– by Daniel Yeom
The history of the United States is the history of immigrants. Ever since the pilgrims started to flock in the New World in the 1600’s, immigrants from all over the world have put down their roots all over America. New York City is no exception. Once home to millions of German and Eastern European newcomers, the Lower East Side offers a fascinating outlook into what life in the city was like in the 19th century. The Lower East Side Tenement Museum, located at 97 Orchard Street between Delancey and Broome, offers a peek into the lives of approximately 7,000 residents who resided in the building between 1863 and 1935.
Even before the museum opened, folklorists, genealogists, and historians have closely observed the history of 97 Orchard St, a typical boardinghouse that mainly housed fresh-off-the-boat, working class families, in order to chronicle the history of immigration into New York City. After gathering sufficient historical evidences and stories, the museum opened in 1992.
For the most part, the museum has preserved its former structure and decor from the 1860’s. Layers and layers of wallpapers, markings on wooden walls, and creaking stairs showcase how much time has elapsed. The rooms are furbished with antique furnitures that the museum deem appropriate to represent the time period.
“We collect objects that serve as the vehicle for story-telling,” said David Favaloro, the director of curatorial affairs at the museum. You’d understand exactly what Favaloro said as soon as you enter the room that Nathalie Gumpertz and her daughters used to call home.
The Gumpertz migrated to the United States and lived on Orchard St in the 1870’s; Julius and Nathalie Gumpertz and their three daughters. Soon after, however, Julius simply picked up and left; not an uncommon phenomenon, according to Favaloro.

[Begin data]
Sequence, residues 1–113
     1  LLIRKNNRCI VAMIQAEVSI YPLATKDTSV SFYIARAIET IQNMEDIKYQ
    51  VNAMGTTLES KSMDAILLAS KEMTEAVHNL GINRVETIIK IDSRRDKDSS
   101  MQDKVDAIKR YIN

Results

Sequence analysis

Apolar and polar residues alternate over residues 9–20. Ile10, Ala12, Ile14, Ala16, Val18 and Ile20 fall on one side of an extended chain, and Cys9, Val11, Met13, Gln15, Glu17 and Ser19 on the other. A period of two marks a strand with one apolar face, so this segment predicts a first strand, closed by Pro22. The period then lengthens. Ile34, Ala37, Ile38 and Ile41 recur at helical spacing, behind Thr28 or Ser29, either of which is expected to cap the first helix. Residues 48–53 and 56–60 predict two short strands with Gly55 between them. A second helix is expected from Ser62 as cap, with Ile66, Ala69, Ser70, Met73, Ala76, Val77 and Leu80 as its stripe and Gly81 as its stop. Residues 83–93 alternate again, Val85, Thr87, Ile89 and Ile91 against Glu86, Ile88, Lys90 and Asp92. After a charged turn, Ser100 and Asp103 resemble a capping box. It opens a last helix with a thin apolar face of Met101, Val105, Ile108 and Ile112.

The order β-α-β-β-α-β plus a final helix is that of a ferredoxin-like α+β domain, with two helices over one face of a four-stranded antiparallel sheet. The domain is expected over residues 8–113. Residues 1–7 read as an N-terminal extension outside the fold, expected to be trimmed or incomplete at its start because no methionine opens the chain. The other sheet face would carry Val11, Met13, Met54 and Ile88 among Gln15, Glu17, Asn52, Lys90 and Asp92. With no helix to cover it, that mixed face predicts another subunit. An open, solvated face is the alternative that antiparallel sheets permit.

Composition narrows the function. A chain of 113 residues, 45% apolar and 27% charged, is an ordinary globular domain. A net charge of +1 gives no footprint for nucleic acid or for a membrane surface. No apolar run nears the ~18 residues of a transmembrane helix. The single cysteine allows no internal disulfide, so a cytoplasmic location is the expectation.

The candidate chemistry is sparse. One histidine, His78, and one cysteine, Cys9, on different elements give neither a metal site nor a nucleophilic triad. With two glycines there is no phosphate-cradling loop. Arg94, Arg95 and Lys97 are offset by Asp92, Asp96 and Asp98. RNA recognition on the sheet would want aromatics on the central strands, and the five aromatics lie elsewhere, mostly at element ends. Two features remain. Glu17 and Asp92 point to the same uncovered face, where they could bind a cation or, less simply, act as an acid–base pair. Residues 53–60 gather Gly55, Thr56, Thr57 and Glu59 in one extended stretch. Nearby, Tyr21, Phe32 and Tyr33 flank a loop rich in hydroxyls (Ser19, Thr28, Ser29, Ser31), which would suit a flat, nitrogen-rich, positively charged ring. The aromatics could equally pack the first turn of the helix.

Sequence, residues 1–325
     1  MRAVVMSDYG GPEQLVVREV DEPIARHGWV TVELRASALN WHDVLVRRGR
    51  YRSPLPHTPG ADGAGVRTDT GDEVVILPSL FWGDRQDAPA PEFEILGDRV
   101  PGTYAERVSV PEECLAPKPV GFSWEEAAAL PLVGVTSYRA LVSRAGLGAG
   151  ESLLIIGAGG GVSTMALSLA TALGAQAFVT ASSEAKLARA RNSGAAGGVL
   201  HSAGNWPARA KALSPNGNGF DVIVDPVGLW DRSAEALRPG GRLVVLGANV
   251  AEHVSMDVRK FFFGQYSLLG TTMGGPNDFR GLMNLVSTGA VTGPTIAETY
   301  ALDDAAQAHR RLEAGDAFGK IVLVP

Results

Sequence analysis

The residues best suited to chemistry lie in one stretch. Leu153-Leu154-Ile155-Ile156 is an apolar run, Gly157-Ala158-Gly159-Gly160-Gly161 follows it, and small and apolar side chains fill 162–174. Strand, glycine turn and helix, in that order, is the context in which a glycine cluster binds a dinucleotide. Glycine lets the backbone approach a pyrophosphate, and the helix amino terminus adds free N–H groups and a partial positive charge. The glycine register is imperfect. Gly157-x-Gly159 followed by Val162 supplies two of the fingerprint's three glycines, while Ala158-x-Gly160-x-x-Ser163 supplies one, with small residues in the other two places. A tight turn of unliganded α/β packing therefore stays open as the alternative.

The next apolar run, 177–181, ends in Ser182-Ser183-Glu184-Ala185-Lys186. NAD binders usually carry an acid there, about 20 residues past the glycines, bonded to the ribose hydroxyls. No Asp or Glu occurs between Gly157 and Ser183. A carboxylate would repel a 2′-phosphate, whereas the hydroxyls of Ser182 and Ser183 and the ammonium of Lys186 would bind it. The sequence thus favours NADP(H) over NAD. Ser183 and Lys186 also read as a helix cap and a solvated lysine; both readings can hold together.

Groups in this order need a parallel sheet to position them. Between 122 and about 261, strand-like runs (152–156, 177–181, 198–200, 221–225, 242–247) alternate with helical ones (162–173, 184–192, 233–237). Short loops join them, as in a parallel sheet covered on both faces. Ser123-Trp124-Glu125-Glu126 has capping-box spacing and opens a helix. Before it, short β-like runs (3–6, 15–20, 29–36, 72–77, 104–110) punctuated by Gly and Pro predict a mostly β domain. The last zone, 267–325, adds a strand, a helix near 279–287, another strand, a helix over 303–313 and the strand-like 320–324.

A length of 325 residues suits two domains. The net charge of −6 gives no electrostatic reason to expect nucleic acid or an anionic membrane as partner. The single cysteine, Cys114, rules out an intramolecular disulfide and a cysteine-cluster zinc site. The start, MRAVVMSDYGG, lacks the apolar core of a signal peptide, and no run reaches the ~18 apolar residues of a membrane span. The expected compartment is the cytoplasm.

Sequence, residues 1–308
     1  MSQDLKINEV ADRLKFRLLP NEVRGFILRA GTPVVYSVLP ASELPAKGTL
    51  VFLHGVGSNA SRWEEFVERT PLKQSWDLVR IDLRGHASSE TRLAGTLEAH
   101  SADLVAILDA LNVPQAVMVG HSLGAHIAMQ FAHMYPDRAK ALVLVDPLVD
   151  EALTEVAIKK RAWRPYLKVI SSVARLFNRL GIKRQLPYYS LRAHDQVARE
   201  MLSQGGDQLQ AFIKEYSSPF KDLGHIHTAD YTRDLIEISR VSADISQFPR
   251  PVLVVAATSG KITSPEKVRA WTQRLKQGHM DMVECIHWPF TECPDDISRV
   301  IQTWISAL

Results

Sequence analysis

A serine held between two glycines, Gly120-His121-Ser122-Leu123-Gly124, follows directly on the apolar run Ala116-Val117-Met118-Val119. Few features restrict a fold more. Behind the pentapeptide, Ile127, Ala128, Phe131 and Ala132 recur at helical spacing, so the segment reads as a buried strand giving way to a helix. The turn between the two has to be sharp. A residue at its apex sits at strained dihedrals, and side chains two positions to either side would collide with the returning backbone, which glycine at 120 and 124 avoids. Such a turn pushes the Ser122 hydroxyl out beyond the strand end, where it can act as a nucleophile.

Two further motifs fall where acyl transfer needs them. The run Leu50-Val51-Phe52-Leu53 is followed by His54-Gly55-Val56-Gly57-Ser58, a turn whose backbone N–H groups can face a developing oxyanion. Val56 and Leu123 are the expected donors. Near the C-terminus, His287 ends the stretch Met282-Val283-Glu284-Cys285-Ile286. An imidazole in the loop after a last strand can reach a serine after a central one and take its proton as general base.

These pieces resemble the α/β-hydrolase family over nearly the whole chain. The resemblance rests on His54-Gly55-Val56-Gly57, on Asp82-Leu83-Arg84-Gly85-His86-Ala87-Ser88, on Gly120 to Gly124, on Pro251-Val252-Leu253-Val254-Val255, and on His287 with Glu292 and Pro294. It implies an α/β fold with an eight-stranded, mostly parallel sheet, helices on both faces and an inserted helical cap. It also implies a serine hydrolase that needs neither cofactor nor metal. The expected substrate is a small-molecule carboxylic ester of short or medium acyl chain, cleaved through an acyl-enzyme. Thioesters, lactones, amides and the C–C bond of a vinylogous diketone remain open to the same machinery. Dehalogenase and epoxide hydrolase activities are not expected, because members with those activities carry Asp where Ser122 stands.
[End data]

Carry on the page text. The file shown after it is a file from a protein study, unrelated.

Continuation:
What happened next is incredible. Nathalie rolled up her sleeves to support her children. She started making handmade dresses for the wealthier women in town, and building a solid reputation for herself. She successfully raised her three daughters; an incredible feat for a 19th century single mother.
Funnily enough, karma hit Julius quite bad. Genealogists tracked down Julius, and found the record of him in Cincinnati, Ohio, where he spent his last 25 years in a Jewish elderly home all by himself. Meanwhile back in New York, Nathalie received a surprising turn of luck; Julius’s father in Prussia died and left a significant amount of inheritance to Julius. Since Julius could not be found anywhere, the money went to Nathalie and the girls.
With a sudden and significant boost in economic status, Nathalie and her daughters could move out of the shabby apartment in the Lower East Side and move into a nicer home on the Upper East Side. Although Nathalie Gumpertz hadn’t lived on 97 Orchard for over a century, her go-getter spirit remains in the shape of an antique sewing machine, bread on the table, and a dress hanging from the clothesline on the side of the middle of the room.